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Your recovery Plan is Not Thorough and Not Credible

While there are certainly projects that fail catastrophically and without any “big” indicators, there are perhaps more projects that quietly begin to turn south without anyone particularly noticing. A small miscommunication here, a forgotten requirement there, and eventually you’re left to wade through the tiny, circumstantial mistakes that led to a complete failure. Glen Alleman begins this post by explaining how the first to go under the bus is the program management tool. He makes the point, however, that the tool is only built to make program management more efficient, not to make it more successful. In the end it comes down to how it’s used and the intelligence of the people working on the program itself. So how can you avoid the problems that stem from a thousand small cuts? To put it simply: bi-directional information, planning, and accountability. First you must identify where the information you need is coming from, and how to best gather and understand that data. Next, your entire organization must create, maintain, and understand a recovery plan that isn’t based on a guide but more so on what works best in your team. Add to this an identification of who needs to complete what responsibilities during a recovery process (both for the sake of knowing what they need to do, and also for other team members to identify who should be contacted in case of a recovery). If you can complete those three, among others listed by Alleman, the challenge becomes keeping the project “green”: The challenge them becomes how to KEEP THE PROGRAM GREEN. Again  Process is King. Know working management processes are available for any program or project domain. If the processes are not applied correctly, consistently, thoroughly, and credibly, then the project or program will be back in the ditch soon.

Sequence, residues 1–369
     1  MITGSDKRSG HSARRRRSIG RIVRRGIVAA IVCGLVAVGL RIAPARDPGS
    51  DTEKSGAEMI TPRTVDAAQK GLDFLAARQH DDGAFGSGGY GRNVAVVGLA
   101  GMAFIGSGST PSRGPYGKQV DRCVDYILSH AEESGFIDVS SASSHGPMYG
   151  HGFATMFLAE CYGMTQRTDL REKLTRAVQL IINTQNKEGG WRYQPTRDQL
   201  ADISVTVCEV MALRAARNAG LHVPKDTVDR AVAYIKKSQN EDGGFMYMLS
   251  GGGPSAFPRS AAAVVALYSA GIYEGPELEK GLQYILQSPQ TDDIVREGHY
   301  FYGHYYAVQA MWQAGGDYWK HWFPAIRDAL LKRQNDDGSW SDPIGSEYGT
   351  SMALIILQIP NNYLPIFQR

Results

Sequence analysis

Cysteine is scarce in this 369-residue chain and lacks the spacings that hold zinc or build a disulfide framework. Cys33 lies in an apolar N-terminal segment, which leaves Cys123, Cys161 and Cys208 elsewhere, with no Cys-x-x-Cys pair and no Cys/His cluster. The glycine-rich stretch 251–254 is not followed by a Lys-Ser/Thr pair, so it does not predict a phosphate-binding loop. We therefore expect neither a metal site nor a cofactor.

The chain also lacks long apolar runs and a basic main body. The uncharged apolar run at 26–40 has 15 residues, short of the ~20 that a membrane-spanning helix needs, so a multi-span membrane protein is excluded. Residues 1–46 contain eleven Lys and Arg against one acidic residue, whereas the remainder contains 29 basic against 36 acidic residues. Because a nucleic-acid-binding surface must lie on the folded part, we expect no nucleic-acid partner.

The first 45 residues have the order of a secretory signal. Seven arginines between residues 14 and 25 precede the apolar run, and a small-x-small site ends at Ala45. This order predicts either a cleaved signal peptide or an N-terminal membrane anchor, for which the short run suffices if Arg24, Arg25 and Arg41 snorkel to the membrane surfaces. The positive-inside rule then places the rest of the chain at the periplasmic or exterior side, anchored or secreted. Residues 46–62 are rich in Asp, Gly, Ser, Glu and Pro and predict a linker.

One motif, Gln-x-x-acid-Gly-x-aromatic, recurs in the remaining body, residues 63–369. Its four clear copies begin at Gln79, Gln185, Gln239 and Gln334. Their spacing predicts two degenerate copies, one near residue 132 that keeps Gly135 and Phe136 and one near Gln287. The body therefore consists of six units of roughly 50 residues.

About Anne Grybowski

Anne is a former staff writer for CAI's Accelerating IT Success, with a degree in Media Studies from Penn State University.

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